Meet RCEP, a trade agreement in Asia that’s even worse than TPP or ACTA

Electronic Frontier Foundation

Meet RCEP, a Trade Agreement in Asia That’s Even Worse Than TPP or ACTA

By Jeremy Malcolm

4 June 2015

It’s been a big few weeks for leaked trade agreements. Just when we thought we had seen all the leaked text of the Trade in Services Agreement (TISA), Wikileaks went ahead and published some more yesterday. And on the same day, a leaked draft of the intellectual property chapter of yet another trade agreement, the Regional Comprehensive Economic Partnership (RCEP) was leaked by Knowledge Ecology International (KEI).

If we described TISA as a treaty you’ve never heard of, RCEP has been even more obscure. RCEP can be compared with the Trans-Pacific Partnership (TPP), except that rather than being driven by the United States, it is being driven by the ten-member Association of South East Asian Nations (ASEAN), with the addition of their trading partners from the broader Asia-Pacific region including most notably India and China, who are absent from the TPP pact.

We might then, expect that RCEP could be the “anti-TPP”; a vehicle for countries to push back against the neo-colonial ambitions of the United States, by proposing alternative, home-grown standards on the TPP’s thorniest issues such as copyright, patents, and investor protection. Some members of RCEP have indeed spoken out against the TPP because of its unbalanced promotion of strict copyright and patent laws, and some commentators have characterized RCEP and the TPP as competitors.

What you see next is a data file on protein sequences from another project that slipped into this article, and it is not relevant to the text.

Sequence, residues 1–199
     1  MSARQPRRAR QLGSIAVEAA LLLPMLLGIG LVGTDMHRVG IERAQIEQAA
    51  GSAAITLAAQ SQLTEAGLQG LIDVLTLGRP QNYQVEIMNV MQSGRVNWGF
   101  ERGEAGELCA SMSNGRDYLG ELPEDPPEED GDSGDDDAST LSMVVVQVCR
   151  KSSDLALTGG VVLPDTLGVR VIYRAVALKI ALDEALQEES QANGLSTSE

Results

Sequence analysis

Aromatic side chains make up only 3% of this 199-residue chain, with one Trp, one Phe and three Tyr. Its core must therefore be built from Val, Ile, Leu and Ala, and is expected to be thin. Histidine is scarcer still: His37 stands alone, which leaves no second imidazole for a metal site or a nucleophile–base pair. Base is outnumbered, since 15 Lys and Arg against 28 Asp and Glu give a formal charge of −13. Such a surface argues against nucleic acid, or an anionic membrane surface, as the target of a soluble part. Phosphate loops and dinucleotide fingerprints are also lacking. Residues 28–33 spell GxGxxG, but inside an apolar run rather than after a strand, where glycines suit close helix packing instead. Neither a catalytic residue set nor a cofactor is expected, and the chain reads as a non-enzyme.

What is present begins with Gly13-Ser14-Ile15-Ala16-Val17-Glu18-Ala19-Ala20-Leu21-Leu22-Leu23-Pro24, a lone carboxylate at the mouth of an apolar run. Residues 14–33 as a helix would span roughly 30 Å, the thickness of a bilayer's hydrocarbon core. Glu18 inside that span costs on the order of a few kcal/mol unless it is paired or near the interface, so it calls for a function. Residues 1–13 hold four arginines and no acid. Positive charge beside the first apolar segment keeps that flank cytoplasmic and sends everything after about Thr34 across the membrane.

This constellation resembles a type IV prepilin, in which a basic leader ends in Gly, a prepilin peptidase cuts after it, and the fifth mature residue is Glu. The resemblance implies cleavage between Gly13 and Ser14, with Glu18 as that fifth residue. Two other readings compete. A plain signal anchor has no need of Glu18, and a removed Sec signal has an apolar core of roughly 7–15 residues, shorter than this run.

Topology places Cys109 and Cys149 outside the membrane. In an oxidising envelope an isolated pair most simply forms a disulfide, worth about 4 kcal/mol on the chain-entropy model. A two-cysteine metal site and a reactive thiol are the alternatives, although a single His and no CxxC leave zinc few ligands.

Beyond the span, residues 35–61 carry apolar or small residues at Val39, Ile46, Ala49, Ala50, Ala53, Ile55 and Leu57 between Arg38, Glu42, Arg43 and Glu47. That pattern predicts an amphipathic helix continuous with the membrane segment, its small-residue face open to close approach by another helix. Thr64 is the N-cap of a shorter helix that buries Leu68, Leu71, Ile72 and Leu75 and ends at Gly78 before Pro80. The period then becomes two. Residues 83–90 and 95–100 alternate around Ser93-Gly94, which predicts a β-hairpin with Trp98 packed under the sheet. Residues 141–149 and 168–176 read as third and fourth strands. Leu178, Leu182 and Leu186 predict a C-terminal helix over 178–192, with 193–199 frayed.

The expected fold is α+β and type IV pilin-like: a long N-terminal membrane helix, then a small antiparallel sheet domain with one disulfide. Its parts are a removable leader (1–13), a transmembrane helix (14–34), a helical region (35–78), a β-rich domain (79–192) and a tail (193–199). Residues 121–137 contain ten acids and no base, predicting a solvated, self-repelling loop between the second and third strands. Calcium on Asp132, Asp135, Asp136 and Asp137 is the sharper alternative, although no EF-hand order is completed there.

But based on yesterday’s leaks, the promise of RCEP pushing back against the TPP is being squandered. Instead, its IP chapter is turning out as a carbon copy. The text for the chapter that South Korea proposes, which KEI rightly and succinctly describes as “terrible”, calls for many of the same provisions and more, including:

Copyright terms of life plus 70 years.

Prohibiting temporary copies of works in electronic form (a thoroughly misguided and anti-innovation provision that has even been erased from the TPP).

Confining copyright limitations and exceptions to those which comply with the three-step test, which ignores exceptions, such as the quotation right, that are exempted from that test under international law.

Remuneration rights to performers for radio airplay, which goes beyond U.S. law.